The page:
Microbe digests complex compounds from coal and turns them into methane

A microbe that can digest complex organic compounds from coal and turn them into methane has been unearthed in coal deposits in Japan. The discovery could eventually help industry to access more subsurface methane.

Bacteria turn coal chemicals into methane

Source: Nature Publishing Group

Although coal still remains in demand, underground seams also produce natural gas in the form of methane. In 2014, it was estimated that 50 trillion m3 of subsurface methane came from coal deposits worldwide. One reason for these vast reservoirs of gas is microbial digestion.

Coal typically gives off a range of unreactive methoxylated aromatic compounds (MACs). Primitive microbes, archaea, have a hard time metabolising them and break them down and rely on them being passed down a long microbial food chain. ‘Large organic molecules are degraded by a variety of bacteria to produce small molecules including hydrogen, carbon dioxide, acetate and methanol,’ says Susumu Sakata from the National Institute of Advanced Industrial Science and Technology.

He explains that only then can certain archaea, methanogens, digest these simple molecules to produce methane. But there are no known methanogens that can directly turn MACs into methane. Sakata and his colleagues have managed to dig up the first.

The team extracted several microbial strains from an oil reservoir in the Yamagata Prefecture – an area of Japan known for its vast coal beds. Each methanogen was cultured in a commercially-available MAC solution and incubated for nine months. Sakata’s group then measured methane levels using gas chromatography.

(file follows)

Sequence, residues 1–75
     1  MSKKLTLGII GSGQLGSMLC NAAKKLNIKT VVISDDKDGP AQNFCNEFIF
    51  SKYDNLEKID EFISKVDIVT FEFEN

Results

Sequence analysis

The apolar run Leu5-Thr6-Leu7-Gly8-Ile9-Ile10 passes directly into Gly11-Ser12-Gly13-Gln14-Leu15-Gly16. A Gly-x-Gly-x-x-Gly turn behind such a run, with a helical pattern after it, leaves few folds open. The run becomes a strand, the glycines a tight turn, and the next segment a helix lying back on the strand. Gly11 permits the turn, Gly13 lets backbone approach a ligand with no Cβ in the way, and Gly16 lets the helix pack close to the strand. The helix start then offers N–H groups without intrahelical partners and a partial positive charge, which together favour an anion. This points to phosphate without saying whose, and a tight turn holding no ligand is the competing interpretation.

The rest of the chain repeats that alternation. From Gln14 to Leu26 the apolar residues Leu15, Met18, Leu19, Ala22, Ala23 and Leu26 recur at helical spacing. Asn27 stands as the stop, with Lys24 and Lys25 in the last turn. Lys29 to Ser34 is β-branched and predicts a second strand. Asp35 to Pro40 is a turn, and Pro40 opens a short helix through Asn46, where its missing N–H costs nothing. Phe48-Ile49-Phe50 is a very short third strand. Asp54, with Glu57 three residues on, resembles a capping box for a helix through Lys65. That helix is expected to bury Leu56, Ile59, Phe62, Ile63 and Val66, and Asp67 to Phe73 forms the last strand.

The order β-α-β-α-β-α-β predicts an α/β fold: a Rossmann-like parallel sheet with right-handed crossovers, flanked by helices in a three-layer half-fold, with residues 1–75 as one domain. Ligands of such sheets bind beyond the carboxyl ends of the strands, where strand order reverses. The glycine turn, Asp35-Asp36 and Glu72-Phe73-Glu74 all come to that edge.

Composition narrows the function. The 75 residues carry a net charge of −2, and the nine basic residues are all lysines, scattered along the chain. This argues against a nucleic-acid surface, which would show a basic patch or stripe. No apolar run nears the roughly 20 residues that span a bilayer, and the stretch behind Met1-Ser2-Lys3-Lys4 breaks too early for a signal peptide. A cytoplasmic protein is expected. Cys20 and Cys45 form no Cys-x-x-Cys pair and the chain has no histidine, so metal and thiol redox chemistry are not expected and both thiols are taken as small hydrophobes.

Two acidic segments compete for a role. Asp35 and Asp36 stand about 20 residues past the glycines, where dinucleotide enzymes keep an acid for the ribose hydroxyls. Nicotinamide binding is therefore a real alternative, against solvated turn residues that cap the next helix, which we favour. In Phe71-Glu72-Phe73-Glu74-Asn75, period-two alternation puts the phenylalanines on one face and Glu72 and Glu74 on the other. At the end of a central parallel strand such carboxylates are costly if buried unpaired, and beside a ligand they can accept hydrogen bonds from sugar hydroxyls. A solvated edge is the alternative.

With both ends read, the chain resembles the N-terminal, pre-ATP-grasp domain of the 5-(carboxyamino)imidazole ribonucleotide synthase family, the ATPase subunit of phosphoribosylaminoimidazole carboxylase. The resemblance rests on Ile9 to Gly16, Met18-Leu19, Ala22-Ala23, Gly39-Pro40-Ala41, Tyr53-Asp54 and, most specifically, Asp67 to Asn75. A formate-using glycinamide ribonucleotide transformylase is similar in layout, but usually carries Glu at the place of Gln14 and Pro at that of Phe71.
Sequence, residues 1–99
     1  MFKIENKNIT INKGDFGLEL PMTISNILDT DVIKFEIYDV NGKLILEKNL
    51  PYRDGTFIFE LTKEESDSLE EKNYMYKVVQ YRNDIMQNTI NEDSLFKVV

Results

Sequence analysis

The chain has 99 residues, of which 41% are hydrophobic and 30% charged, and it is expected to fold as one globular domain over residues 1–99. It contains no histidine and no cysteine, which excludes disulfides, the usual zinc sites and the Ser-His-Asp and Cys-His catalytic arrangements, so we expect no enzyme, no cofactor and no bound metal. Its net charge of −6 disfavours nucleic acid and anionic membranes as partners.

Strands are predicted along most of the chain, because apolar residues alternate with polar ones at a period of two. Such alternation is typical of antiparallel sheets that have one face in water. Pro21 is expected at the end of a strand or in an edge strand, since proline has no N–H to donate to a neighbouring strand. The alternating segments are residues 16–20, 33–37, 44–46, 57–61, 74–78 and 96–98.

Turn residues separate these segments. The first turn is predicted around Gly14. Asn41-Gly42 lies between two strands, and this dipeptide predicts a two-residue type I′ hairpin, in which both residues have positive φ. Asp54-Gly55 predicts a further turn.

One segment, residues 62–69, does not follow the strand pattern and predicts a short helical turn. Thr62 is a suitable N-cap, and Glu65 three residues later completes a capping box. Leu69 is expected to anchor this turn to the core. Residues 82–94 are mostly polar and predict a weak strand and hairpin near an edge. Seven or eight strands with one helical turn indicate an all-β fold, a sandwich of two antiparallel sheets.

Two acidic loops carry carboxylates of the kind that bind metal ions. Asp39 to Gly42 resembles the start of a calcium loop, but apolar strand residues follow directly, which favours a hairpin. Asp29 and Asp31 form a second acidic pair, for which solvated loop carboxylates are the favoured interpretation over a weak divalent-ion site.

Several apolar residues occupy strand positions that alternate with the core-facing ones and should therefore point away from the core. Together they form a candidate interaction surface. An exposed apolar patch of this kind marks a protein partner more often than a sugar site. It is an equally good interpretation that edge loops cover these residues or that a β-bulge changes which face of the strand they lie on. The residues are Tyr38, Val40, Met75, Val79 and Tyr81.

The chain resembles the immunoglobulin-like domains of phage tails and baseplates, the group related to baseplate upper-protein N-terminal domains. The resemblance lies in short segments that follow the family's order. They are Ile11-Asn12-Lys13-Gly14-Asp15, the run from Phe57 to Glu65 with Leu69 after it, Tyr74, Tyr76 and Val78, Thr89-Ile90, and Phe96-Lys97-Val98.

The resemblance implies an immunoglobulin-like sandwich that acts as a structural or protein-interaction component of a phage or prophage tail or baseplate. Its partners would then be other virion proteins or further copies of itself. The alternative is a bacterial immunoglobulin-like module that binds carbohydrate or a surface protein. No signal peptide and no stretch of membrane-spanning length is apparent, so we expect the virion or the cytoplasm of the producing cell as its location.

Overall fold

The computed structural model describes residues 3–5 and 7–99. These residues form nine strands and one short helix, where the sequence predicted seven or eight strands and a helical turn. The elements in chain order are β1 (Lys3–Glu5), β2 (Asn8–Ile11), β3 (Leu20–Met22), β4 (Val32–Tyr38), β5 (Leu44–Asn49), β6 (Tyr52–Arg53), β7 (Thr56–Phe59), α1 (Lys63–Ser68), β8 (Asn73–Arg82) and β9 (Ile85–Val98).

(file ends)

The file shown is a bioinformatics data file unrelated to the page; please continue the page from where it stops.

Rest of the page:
Out of the 10 microbes, two strains of the methanogen Methermicoccus shengliensis could directly breakdown up to 35 MACs to produce methane. ‘The methanogen is so impressive by its capability of using MACs (quite complex compounds for food of regular methanogens) and mode of metabolism – both of which are distinct from those previously known for a large number of methanogens,’ says Sakata.

Sakata explains this could change how we look at the global carbon cycle, but talk of finding new methane resources in the hills may be a bit premature. ‘Whether or not this kind of microbe helps to access untapped methane resources depends on the ubiquity and in situ activity of such methanogens in subsurface environments,’ he comments.

‘Generation of microbial gas and its significance in the total coal-bed methane portfolio is unquestionable, but typically consortia of bacteria and methanogens are required to convert coal material into gas,’ says Maria Mastalerz, a coal geologist from Indiana University Bloomington, US. ‘This [research] demonstrates that methanogens alone can accomplish this.’